Special Issue "Microbial Biostimulants: From the Lab to the Field for a New Agriculture 2.0"
Deadline for manuscript submissions: closed (30 June 2022) | Viewed by 3198
Interests: pathogens; plant genetic resources; plant pathogenic microorganisms; bioprospection; biostimulants; genomics; metagenomics
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This Special Issue is the continuation of our previous special issue "Microbial Biostimulants: From the Lab to the Field for a New Agriculture".
Plant biostimulants have been named under different terminologies for the past 30 years as a function of their variable modes of action. The most consensual and recent definition states that biostimulants are biological substances, micro-organisms, and mineral compounds which can be directly applied to plants, seeds, and soil in order to improve plant growth, increase crop yield, and reduce plant stress. Mostly used in agriculture as preventive agents, they act as plant growth stimulators and enhancers of resistance to biotic and abiotic stress. This Special Issue aims to bring together a sample of very recent developments in microbial biostimulants for agriculture, on their way to the biofertilizer market or recently available to diverse agricultural production sectors, whether it be in horticulture, environmental and fruit arboriculture, viticulture, silviculture, or vegetable or crop production. The development of these innovating products has been based on chemistry, biochemistry, biotechnology, and microbiology applied to agriculture, taking into account the physiological, agricultural, and ecological constraints of plants. Finally, these plant microbial biostimulants must be effective at very low doses, while being ecologically friendly. They especially must produce a positive and reproducible effect on crops. Whether bacteria or fungi, these microorganisms that can be used as plant biostimulants and plant health promoters are part of a wide unknown microbial diversity, constituting the rhizospheric, epiphytic, or endophytic microbiota which are on the way to being domesticated. Their activities are also sustained by genetic interactions between plant and microbe species, which have yet to be elucidated, alongside their impacts on human and animal health.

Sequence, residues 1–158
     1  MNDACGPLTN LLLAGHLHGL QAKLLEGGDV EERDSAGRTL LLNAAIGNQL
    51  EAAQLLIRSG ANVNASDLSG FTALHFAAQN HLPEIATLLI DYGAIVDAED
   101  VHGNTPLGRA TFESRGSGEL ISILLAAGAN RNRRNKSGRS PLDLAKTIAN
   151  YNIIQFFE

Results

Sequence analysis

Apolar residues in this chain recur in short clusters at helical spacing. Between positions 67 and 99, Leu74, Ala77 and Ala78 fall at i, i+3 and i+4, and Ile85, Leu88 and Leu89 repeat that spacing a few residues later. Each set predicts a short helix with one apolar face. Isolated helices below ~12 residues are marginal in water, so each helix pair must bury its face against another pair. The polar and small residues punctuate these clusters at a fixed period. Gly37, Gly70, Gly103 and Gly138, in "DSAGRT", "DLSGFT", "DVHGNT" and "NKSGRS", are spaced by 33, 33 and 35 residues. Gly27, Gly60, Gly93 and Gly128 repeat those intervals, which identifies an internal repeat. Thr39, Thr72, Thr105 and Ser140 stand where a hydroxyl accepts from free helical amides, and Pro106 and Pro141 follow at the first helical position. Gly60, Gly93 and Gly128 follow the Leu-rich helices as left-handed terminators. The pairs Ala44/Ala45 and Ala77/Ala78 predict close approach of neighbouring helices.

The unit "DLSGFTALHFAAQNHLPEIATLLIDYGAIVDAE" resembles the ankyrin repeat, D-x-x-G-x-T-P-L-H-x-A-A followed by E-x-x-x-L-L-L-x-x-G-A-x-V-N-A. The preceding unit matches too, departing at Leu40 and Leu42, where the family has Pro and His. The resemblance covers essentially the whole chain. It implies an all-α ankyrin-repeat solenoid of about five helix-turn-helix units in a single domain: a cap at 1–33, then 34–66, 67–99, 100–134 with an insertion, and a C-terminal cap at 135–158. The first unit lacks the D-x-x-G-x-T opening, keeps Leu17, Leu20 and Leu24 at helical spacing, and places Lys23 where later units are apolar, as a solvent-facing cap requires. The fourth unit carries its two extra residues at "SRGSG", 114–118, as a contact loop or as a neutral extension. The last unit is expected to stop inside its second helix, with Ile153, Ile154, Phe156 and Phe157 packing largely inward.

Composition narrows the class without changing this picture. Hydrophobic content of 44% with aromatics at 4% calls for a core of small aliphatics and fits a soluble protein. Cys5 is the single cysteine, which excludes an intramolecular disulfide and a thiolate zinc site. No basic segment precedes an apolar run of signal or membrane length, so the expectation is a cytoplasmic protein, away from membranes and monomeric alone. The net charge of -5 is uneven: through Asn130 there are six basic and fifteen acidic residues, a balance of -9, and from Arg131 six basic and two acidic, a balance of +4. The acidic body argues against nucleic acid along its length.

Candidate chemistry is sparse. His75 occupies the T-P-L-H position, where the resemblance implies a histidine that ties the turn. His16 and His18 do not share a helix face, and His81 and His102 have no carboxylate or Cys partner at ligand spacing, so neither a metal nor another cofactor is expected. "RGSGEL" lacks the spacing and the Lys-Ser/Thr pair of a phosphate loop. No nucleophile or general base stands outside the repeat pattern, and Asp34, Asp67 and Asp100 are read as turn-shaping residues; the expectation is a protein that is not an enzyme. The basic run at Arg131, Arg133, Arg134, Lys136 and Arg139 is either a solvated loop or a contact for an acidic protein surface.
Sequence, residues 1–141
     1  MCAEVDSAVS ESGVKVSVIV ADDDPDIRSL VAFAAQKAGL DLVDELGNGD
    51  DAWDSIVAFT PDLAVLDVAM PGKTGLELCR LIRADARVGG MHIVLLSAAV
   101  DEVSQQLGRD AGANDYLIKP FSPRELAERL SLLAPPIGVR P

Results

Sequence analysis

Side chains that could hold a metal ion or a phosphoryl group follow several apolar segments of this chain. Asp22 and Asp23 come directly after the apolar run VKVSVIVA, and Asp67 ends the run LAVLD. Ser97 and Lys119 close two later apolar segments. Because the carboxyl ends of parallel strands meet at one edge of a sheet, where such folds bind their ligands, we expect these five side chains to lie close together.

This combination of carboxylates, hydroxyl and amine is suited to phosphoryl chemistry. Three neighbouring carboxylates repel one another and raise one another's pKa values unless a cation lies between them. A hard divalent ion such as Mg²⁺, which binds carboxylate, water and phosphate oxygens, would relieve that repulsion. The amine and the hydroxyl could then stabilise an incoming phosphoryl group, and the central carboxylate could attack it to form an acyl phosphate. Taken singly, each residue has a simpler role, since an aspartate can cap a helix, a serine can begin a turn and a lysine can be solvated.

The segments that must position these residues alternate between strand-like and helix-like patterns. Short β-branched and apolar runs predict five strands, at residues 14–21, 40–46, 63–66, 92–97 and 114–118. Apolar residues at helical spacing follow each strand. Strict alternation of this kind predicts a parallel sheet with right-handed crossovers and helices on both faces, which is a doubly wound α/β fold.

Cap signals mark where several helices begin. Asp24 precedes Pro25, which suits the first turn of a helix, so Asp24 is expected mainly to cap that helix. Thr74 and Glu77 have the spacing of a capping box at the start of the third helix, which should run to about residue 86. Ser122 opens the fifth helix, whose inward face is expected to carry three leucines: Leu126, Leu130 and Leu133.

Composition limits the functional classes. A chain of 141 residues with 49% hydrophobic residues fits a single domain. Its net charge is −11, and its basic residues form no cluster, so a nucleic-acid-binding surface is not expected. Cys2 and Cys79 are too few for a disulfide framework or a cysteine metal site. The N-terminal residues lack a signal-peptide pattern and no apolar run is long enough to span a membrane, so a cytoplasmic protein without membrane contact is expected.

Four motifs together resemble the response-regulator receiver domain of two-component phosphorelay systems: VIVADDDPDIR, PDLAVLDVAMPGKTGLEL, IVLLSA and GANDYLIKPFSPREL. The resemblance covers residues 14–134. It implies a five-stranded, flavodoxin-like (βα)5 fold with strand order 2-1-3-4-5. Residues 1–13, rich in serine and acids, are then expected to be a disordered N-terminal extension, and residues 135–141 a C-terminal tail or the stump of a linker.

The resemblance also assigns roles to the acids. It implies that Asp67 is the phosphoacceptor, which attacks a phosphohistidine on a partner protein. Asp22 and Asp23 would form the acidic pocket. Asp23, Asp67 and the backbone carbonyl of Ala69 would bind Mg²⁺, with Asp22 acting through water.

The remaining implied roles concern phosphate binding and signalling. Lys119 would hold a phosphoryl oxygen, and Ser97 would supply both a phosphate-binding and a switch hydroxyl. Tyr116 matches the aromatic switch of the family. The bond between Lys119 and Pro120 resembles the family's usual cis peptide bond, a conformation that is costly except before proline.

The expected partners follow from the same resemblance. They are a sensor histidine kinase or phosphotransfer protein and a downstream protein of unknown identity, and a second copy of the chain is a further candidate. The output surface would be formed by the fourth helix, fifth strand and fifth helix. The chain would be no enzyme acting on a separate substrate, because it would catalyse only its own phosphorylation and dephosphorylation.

Prof. Dr. Francois Lefort
Manuscript Submission Information
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